Harlequin Presents #366 Savage Possession by Margaret Pargeter Ryan is Melissa’s parents’ landlord. He demands Melissa pay up! 4 stars
Lynne Graham’s The Italian’s Bride is unusual from her other books I’ve read in the past.
Holly Samson is the first Graham heroine I can recall who was not a virgin, and who’s borne another man’s child. The hero is typical of her heroes: dark-haired, ultra-masculine, ridiculously wealthy, smitten with the heroine, and of Italian descent. 3.62 Stars
Wish on the Moon by Sally Wentworth has gotten mixed to low reviews around the internet, but it’s a romance I fully enjoyed. This is an unusual romance because technically, the heroine is “the other woman.” She comes in and breaks up a seemingly happy engagement–and not just a random stranger’s but her cousin’s. 4 stars
In Anne Mather’s A Passionate Affair, the heroine, Cassandra, is a divorcee whom the hero pursues and they engage in a…passionate affair. This was revolutionary. Before this book, lovemaking in this line had been restricted to married couples or “forced seductions” of initially unwilling virgins whose bodies “betrayed them.” A solid romance. 3.5 stars
Oh boy, when I read “the heroine in pursuit plot” synopsis for this Harlequin Presents, was I ever excited to read it. Heroines who are determined to get their men are my favorite kinds! Alas, when the object of said pursuit is a mean arsehole, the chase isn’t worth it. Still, Hard to Get by Carole Mortimer was a wild, emotional whirlwind. With a more charismatic hero, I could have loved this as opposed to liking it. 3.62 stars
For the Love of Sara isn’t one of Anne Mather’s bests. It features a rather unlikeable hero, which is par for the course for Mather. It doesn’t help that he’s a functioning alcoholic who keeps cans of beer in his glove compartment to help him deal with stress. The heroine isn’t any better. She’s a professional martyr who’s made a lot of poor life decisions. When the book opens, she’s about to embark on another bad choice, but in this case, she’s doing it to save someone she cares for. 2 stars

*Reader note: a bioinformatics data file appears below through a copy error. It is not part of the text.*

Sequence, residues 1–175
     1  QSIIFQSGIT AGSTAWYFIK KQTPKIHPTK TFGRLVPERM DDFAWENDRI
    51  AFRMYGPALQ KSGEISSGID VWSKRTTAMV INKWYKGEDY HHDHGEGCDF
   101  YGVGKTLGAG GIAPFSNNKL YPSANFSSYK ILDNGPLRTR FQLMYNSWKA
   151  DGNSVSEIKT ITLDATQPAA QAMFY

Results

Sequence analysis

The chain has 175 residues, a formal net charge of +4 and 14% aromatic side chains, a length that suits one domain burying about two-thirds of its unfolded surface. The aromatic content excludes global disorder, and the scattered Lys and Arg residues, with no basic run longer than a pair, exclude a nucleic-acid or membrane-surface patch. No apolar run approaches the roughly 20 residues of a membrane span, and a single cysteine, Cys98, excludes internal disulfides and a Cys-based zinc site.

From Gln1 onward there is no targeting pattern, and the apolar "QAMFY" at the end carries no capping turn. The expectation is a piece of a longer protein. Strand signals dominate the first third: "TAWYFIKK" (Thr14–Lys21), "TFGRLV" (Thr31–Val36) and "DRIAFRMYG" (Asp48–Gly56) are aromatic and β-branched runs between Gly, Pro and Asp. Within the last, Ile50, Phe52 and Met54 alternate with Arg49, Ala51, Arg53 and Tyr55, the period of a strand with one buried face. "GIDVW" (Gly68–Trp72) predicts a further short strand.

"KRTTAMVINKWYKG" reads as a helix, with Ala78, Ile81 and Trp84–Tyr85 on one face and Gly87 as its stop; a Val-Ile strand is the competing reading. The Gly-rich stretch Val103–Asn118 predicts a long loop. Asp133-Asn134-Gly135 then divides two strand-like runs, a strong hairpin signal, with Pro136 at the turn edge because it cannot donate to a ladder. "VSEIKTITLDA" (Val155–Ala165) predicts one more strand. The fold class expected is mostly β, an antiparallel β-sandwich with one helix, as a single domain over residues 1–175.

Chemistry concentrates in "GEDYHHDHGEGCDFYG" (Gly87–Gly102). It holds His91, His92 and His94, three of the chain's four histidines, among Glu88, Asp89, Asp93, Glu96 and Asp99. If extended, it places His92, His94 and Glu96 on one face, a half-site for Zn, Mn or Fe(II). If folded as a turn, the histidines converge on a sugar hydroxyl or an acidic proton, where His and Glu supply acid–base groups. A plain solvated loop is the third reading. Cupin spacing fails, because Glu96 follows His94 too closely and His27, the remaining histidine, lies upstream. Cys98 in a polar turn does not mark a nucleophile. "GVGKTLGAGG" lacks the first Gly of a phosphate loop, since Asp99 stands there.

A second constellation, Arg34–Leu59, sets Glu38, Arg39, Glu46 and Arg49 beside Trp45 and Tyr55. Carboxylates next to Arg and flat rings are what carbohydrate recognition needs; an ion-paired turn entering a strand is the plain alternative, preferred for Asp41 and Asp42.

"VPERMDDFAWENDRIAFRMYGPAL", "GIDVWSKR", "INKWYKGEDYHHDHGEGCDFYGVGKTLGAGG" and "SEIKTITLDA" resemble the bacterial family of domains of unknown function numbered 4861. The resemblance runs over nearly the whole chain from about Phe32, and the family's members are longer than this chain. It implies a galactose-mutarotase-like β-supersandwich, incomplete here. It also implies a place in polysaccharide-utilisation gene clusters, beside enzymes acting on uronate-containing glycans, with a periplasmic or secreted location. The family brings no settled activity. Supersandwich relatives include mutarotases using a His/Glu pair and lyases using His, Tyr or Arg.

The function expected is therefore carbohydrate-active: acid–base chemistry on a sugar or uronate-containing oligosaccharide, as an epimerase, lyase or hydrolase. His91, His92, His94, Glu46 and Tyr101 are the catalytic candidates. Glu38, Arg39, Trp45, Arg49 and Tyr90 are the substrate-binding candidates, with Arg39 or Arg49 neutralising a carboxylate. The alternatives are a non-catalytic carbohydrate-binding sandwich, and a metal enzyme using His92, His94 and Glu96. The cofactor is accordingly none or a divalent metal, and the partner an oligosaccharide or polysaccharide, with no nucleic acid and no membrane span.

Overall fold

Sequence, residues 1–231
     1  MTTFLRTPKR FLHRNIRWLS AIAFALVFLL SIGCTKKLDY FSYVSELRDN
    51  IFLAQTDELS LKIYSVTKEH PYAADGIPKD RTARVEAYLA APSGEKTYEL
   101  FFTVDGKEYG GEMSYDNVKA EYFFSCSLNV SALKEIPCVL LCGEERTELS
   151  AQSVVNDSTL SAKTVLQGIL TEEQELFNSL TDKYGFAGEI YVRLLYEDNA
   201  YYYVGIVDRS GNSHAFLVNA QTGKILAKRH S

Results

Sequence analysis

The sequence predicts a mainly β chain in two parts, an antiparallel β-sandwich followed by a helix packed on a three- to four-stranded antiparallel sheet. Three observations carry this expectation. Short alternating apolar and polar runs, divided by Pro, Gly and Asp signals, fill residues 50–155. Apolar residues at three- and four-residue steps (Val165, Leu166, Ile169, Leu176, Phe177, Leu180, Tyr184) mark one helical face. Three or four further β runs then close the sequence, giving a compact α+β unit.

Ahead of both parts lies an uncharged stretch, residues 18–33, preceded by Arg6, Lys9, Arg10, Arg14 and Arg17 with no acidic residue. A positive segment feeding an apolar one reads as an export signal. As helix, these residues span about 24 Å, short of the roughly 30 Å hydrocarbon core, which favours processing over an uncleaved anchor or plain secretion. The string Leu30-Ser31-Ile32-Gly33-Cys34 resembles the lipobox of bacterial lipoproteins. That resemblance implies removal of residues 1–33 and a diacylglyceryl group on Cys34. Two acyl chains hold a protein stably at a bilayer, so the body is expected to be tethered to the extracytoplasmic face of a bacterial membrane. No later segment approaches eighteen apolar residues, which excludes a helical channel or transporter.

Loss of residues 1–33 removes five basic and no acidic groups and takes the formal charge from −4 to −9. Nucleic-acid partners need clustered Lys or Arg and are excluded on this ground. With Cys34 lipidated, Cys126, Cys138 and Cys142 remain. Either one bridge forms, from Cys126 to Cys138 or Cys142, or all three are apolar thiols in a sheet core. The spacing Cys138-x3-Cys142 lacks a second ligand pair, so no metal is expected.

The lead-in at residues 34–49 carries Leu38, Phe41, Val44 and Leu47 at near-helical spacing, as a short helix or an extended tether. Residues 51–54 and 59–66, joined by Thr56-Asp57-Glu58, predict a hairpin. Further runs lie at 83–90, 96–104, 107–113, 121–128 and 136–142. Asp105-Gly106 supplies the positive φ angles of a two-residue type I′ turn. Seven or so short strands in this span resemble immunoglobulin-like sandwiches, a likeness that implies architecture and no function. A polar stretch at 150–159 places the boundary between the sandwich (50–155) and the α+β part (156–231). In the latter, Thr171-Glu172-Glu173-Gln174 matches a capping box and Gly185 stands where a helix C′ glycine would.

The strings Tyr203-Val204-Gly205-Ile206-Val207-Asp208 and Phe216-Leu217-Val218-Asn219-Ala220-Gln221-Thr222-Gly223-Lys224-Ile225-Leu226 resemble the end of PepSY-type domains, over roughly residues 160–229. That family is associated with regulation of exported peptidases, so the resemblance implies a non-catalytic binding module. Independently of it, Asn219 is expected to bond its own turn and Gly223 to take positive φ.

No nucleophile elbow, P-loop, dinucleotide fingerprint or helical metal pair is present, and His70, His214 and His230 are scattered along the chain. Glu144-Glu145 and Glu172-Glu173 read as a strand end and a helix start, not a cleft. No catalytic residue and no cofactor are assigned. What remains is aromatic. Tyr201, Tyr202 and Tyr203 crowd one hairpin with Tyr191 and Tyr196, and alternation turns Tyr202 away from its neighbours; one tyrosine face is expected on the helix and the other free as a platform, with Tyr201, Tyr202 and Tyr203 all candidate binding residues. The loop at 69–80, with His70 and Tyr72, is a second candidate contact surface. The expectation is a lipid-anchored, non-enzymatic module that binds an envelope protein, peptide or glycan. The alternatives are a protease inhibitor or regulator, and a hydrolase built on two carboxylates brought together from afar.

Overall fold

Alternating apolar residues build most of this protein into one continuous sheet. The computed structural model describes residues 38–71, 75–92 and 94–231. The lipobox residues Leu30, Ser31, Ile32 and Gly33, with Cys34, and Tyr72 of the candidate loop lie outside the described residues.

It’s time to appreciate category romance covers again! For this edition of Covers of the Week, we’re focusing on Harlequin publishing in the 1980s. For the week of Monday, November 22, 2021, to Sunday, November 28, 2021 (boy did November fly by, or what?), let’s look upon these passionate category romance covers from Harlequin.
Wendy Brown is a not-yet-21-year-old Englishwoman who’s been given the worst news imaginable: she has an inoperable brain tumor and will die in a few months. Rather than spend her last days wallowing in despair, Wendy decides to make the best of her lot. Alone in the world, she sells her family home and buys a ticket for the maiden voyage of a glamorous cruise ship that’s set to sail the world. Thus begins Anne Hampson’s Song of the Waves, a vintage Harlequin Presents written in 1976. 4 stars
Charlotte Lamb’s Stranger in the Night deals with a sensitive topic she’s approached several times: rape. No, it does not employ the controversial trope of “dubious consent” found in many Harlequins from the 1970s and 1980s. This is a healing love story about a traumatic assault that upended a woman’s life and affected her relationships with men. 5 Stars